Finding beautiful things to stock your memory with

My family is both a stiff-upper-lipped English stereotype and an absolute emotional mess at times. We’re not unhappy people. We just feel certain things very deeply. There’s one sure way to trigger an emotional response from us: the hymn “Jerusalem”. There’s something about it. Two years back it was played at my cousin’s wedding, one year ago it was played at my grandmother’s funeral. Both ceremonies were in the village church where every family wedding or funeral has happened in the last thirty years, and both times my whole family sobbed.

For all the stoic philosophy I’ve filled my mind with, I can be a bit of a wimp (although usually in private). Holst’s Jupiter makes my lip wobble. Standing and looking at J. M. W. Turner’s The Fighting Temeraire in the National Gallery in London makes me need to have a moment. If I’m feeling preoccupied, I will likely be sidetracked by any number of the oh shit moments of sublime wonder that Switzerland serves up every day. Perhaps you don’t become immune to the sublime by being surrounded by it; maybe you become more susceptible to it.

I also think we get strength from enjoying beautiful things. And we can keep getting it by internalising it, or saving it in our memory for when we might need it later. That’s why I try and memorise poems, remember beautiful views, or just be mindful of nature.

– – – – –

I’m not exactly the most cultured person – I definitely have far to go to scrape the surface of what I feel I should know about art – but I’m drawn to it anyway. What moves me most is often the exceptionally overdramatic stuff; the paintings, pieces of music or mountain views that make their presence known and shout to be looked at.

I’m going to go off on a tangent that might well make you cringe, but it makes me think of that scene in The Shawshank Redemption when Andy, played by Tim Robbins, hijacks the prison tannoy system and the full prison’s attention with a Mozart aria. Andy’s punishment was two weeks of solitary confinement in the hole, but afterwards shared that, “I had Mr. Mozart to keep me company… That’s the beauty of music. They can’t get that from you”. 

Occasionally, I think back to my most memorable university lecturer, who specialised in Spanish literary romanticism. He was middle-aged, very Welsh, wonderfully well-read, and one of the most endearingly good-willed and open people I’ve met. He taught in the modern languages department, but it always seemed like his real passion was for English literature and the classics. He’d quote these, and then he’d usually cry.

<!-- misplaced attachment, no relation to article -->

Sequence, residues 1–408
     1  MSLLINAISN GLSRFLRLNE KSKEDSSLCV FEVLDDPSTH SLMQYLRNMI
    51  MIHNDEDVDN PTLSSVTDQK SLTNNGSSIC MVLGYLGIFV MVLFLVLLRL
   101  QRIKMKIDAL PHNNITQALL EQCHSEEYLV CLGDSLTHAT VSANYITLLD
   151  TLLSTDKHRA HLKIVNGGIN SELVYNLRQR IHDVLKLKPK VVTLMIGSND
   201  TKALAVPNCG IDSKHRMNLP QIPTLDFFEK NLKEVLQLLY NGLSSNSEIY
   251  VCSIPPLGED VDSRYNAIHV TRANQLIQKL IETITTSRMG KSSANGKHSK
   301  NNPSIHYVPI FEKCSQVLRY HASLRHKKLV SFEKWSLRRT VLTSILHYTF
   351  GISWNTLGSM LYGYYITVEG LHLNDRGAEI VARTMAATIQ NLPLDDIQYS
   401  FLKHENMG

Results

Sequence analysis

One time he cried in a lecture during an explanation of Plato’s idea of the soulmate in The Symposium. Of how, according to Greek mythology, humans were originally created with four arms, four legs and a head with two faces, but fearing their power, Zeus split them into two separate parts, condemning them to spend their lives in search of their other halves.

Another time he cried was after reciting a passage from Wordsworth’s “Tintern Abbey”. I thought of this very recently. I’d made it a goal to learn a poem by heart every month this year, and I remembered how much I loved this one. Especially the section my lecturer read that time:

These beauteous forms,
Through a long absence, have not been to me
As is a landscape to a blind man’s eye:
But oft, in lonely rooms, and ‘mid the din
Of towns and cities, I have owed to them
In hours of weariness, sensations sweet,
Felt in the blood, and felt along the heart…

— “Lines Composed a Few Miles above Tintern Abbey, On Revisiting the Banks of the Wye during a Tour. July 13, 1798”, William Wordsworth

It’s an ambitiously long choice of poem to memorise, but you never know when such things might come in useful. Long train journeys, difficulty falling asleep, imprisonment. If you choose to tuck away beautiful things in your memory vaults, all the better.

– – – – –

There’s that Dostoevsky quote that “Beauty will save the world”. I’m not entirely sure about that, but I’m constantly reminded of the privilege it is to be alive and have so many stunning things to witness – and try and savour for later too.

Leave a Reply

Your email address will not be published.